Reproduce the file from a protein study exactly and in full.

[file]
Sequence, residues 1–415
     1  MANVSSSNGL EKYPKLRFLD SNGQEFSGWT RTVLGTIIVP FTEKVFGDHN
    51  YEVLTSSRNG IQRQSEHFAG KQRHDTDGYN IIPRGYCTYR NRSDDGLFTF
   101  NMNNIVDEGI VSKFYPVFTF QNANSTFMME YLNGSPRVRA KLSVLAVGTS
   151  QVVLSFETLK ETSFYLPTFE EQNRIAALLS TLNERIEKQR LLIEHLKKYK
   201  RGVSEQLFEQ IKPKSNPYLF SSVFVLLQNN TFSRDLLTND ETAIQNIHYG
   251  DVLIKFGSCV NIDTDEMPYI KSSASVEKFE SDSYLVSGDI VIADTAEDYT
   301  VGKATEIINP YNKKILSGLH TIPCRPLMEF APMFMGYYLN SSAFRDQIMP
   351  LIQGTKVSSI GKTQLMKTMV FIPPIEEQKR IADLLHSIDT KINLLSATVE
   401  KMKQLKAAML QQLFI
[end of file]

Sequence, residues 1–415
     1  MANVSSSNGL EKYPKLRFLD SNGQEFSGWT RTVLGTIIVP FTEKVFGDHN
    51  YEVLTSSRNG IQRQSEHFAG KQRHDTDGYN IIPRGYCTYR NRSDDGLFTF
   101  NMNNIVDEGI VSKFYPVFTF QNANSTFMME YLNGSPRVRA KLSVLAVGTS
   151  QVVLSFETLK ETSFYLPTFE EQNRIAALLS TLNERIEKQR LLIEHLKKYK
   201  RGVSEQLFEQ IKPKSNPYLF SSVFVLLQNN TFSRDLLTND ETAIQNIHYG
   251  DVLIKFGSCV NIDTDEMPYI KSSASVEKFE SDSYLVSGDI VIADTAEDYT
   301  VGKATEIINP YNKKILSGLH TIPCRPLMEF APMFMGYYLN SSAFRDQIMP
   351  LIQGTKVSSI GKTQLMKTMV FIPPIEEQKR IADLLHSIDT KINLLSATVE
   401  KMKQLKAAML QQLFI